[The follow passages appear in Stopford A. Brooke's Life and Letters (1865). George P. Landow, Professor of English and the History of Art, Brown University, has scanned it from the text of the 1902 edition (see bibliography) and formatted it in HTML.]

Tennyson's "Vision of Sin"

Tennyson's 'Vision of Sin,' too mystical for most people, has long been to me the shadowing of an awful truth : and the way in which high feelings subside into the despair of self, or scorn of others, is one of the most terrible facts of our humanity. I have seen how moral wreck and ruin here and hereafter may tremble upon the destiny of a single individual heart, and how, if such a one heart should fall into callousness or sin or recklessness, personal goodness would cease to be a matter of care ; nay, dreadful to say, might become loathsome, as implying superiority to that other, and then there would be nothing left but plunge after plunge into degradation and vileness. So it is that feelings in themselves not ungenerous may become the very ministers and railroads which smooth the way for evil. At least, this is the utterance of the deepest thought on and result of what I have seen in life. It is expressed, perhaps, mystically, as it were, afar off, in indefinite and abstract terms, but it is no abstraction or vague dream. [No. 94, p. 222]

Robertson defends In Memoriam

Your questions about Eternity and a Future State puzzle me. Time is but (to us) the succession of ideas, long or short, as they are few or many; and eternity, as we use the word, means nothing more than the endlessness of this succession. The distinction made by religious people between Eternity and Time, is an unthinking one. Eternity seems to^me a word expressive of a negation; it does but deny a termination to that mental state which we call time, for time is a subjective thing; existing that is, in us, not externally to us — a mode of our being. Do you remember that little book, 'The Stars and the Earth?' It made very comprehensible how time is merely dependent upon our limitations, and how to an unlimited being there must be no time — how, in short, the annihilation of the sense of space would be the annihilation of the idea of time. As to what our being in a future state shall be, what its enjoyments, or whether the affections here shall be those there, and whether they shall be, as here, mutable or progressive, I confess myself utterly without a clue to decide. To my mind and heart, the most satisfactory things that have been ever said on the future state are contained in the 'In Memoriam.' By the bye, The Times has attacked the Poem; allowed it much merit, but criticised severely. Part of the criticism is just, and part miserably small. The use of such antiquated words as 'Burgeon,' 'Gnarr,' may be objectionable. Be it so. Well, two words in a poem are not quite fatal to a claim of genius. The charge of irreverence is utterly false —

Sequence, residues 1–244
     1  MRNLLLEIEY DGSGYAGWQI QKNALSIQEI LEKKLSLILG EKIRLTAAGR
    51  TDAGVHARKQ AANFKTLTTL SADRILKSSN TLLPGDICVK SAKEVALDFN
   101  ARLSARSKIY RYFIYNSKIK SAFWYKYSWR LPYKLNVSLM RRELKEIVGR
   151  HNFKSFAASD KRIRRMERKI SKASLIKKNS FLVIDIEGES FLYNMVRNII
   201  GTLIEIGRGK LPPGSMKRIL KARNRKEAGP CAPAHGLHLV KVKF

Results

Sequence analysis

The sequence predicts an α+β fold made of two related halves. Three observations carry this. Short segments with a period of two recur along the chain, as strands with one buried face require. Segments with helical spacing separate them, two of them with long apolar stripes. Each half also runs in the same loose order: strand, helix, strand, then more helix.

And dear as sacramental wine * [* The lines have been altered and not improved : 'And dear to me as sacred wine,* &c. — ED.]
To dying lips, is all he said —

that is on things divine.

The reviewer is very severe on this. But does human friendship convey no grace of God to the soul? Do holiest remembrances of God's saintliest reveal nothing of God? If they do, how exquisite here the word 'sacramental' is, as applied to them. Oh, most foolish Thunderer! Then he is very merry about the shadow waiting for the keys 'to cloke me from my proper scorn,' talks of Hobbs and locks unpickable. Blind beetle! the shadow, death, has been identified in a previous page; the reader is in possession of the metaphor. Tennyson prays that he may be hidden in "this shadow from his own scorn before he — 'forgets,' I think, for I have not the passage before me. The reviewer objects to the word 'cloke,' because shadows do not cloke. Nor does light clothe; but if the poor man had read 'robed in light,' he would have thought it quite correct, because it is a common expression. Another —